It’s pretty clear which group Abbott, who may harbor presidential ambitions for 2020, is trying to court now by threatening a lawsuit.
Any legal challenge would be a crapshoot given that several law professors and other experts on the Constitution have said that Obama is acting within his authority. But that’s not the point. Abbott isn’t trying to win in a court of law. He is only trying to get a head start among those Republicans who are eager to get political mileage out of fighting back against Obama’s executive action.
Certainly, Abbott isn’t the first opportunistic politician in America to cravenly latch on to the immigration issue to scare up votes. There’s a long list of politicians who have done so over the last 20 years, and they come from both parties.
But where Abbott goes wrong is in trying to connect DAPA (Deferred Action for Parental Accountability), enacted through the recent executive action, with DACA (Deferred Action for Childhood Arrivals), the program for undocumented youth that Obama unveiled in 2012. And then, once that connection is established, Abbott wants to take another leap and argue that DACA is solely responsible for the recent surge of more than 60,000 refugees from Central America—most of them women and children.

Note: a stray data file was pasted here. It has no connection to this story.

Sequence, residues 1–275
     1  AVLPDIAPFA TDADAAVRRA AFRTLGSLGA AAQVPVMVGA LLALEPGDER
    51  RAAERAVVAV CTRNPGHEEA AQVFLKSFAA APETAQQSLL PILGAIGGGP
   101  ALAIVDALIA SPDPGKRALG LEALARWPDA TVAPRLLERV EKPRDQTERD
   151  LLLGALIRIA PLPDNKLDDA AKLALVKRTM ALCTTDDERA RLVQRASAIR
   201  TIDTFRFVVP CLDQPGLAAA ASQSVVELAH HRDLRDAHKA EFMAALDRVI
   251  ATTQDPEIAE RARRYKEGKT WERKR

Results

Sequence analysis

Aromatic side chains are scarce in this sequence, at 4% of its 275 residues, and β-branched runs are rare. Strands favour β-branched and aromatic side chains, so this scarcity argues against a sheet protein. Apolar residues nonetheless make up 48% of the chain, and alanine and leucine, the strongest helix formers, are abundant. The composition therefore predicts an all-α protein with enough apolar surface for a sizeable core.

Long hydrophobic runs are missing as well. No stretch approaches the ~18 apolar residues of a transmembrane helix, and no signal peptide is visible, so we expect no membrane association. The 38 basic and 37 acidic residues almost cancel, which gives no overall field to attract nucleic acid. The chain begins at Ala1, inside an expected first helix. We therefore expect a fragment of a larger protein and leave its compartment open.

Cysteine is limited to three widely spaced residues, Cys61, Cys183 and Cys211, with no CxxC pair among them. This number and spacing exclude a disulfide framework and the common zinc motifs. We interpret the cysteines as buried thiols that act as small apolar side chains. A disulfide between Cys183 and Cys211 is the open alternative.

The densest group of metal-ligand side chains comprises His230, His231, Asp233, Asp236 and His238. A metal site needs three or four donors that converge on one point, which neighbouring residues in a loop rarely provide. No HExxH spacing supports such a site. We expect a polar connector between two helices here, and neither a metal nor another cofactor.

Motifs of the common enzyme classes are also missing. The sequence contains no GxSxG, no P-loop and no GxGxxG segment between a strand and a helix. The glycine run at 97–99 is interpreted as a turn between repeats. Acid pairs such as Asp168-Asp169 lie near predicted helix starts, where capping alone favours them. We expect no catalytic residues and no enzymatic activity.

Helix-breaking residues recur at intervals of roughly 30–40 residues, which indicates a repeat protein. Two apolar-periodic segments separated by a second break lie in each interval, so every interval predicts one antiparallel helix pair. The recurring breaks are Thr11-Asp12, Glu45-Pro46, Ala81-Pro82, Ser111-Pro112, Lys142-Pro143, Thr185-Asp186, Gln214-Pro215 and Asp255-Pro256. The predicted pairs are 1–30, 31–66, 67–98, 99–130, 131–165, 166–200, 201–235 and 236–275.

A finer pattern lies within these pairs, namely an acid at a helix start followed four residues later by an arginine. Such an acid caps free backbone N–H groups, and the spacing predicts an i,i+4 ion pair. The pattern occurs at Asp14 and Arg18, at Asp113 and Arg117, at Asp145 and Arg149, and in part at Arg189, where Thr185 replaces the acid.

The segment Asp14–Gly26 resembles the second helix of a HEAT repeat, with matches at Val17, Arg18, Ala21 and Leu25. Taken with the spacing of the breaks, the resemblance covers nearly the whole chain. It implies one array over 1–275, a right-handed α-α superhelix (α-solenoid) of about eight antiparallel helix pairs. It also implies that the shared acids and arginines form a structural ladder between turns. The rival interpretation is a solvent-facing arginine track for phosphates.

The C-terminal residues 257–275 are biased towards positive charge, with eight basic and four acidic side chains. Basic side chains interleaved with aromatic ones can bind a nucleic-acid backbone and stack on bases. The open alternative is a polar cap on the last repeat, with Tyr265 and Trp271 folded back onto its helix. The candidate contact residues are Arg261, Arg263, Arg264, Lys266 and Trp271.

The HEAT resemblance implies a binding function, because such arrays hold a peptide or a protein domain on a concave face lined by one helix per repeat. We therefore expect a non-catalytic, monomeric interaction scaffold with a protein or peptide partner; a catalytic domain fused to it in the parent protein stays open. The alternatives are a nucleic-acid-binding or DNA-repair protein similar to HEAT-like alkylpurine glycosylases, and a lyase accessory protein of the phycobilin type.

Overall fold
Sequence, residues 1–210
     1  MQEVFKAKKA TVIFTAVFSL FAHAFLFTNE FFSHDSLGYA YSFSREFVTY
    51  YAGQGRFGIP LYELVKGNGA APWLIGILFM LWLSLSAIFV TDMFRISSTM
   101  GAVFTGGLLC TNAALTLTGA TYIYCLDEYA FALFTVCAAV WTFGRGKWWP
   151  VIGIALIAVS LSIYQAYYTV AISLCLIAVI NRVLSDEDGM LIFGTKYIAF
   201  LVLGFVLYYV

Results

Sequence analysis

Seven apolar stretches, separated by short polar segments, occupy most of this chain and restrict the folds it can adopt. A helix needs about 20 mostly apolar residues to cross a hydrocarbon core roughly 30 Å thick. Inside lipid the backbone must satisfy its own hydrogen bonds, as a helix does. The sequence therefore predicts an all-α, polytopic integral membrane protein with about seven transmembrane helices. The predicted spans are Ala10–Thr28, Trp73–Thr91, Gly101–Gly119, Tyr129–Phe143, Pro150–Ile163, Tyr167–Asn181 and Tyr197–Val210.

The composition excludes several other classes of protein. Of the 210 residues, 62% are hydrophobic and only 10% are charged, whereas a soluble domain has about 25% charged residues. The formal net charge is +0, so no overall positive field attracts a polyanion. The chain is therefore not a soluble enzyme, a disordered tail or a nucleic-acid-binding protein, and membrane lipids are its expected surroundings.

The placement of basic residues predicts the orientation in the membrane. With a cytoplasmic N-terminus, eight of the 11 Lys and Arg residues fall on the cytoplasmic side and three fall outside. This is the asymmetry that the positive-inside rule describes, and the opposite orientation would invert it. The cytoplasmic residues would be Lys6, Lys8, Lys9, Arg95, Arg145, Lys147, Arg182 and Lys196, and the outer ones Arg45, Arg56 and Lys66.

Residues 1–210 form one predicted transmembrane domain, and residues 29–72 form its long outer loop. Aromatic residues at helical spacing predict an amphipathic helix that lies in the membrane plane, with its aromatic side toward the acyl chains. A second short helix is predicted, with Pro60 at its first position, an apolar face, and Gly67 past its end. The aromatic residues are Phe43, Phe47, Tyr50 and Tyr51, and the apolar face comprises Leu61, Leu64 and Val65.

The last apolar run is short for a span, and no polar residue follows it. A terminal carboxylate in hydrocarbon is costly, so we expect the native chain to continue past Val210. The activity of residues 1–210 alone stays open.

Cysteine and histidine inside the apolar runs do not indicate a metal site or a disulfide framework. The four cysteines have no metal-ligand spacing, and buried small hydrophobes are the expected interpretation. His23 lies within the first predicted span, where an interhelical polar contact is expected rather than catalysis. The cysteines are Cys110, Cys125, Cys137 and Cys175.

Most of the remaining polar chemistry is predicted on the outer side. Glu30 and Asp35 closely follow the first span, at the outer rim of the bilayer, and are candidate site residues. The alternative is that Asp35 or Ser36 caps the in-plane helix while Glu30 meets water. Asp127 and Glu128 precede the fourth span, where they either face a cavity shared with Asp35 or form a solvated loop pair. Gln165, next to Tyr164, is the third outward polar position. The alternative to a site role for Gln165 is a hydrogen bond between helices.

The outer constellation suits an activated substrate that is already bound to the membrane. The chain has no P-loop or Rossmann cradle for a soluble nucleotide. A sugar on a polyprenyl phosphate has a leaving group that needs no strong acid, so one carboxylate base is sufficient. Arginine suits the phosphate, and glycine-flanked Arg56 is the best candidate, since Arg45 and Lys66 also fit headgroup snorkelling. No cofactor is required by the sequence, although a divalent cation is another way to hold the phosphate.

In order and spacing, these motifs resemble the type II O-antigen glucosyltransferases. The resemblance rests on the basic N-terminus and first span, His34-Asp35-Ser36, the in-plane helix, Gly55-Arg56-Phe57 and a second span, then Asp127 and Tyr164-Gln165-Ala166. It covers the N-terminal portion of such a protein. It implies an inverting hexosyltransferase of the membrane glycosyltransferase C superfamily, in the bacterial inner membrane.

Simply put: Abbott is arguing that DAPA is like DACA, and that DACA caused the surge—which, he insists, put a heavy burden on Texas. Ergo, DAPA will cause another surge—and that future surge will likewise prove burdensome to Texas.
Here’s what Abbott is missing: DAPA applies to parents with U.S.-born children. So the only people who could conceivably think they might take advantage of it are additional waves of parents with U.S.-born children.
Those folks are hard to come by outside the United States. Besides, DACA didn’t cause the surge from Central America. That’s a popular misconception on the right, and it’s one that was—unfortunately for Abbott—resoundingly debunked when it was first raised during the surge.
For one thing, none of those children who crossed into the country last summer are eligible for DACA, because anyone who enters the country after June 15, 2007, does not qualify for the program. Besides, if DACA were to blame for the influx, it would have happened two years earlier when the policy was enacted. The real enticement for the refugees was a longstanding but unspoken policy by the Border Patrol to treat accompanied minors differently than adults and not immediately return them to their home countries.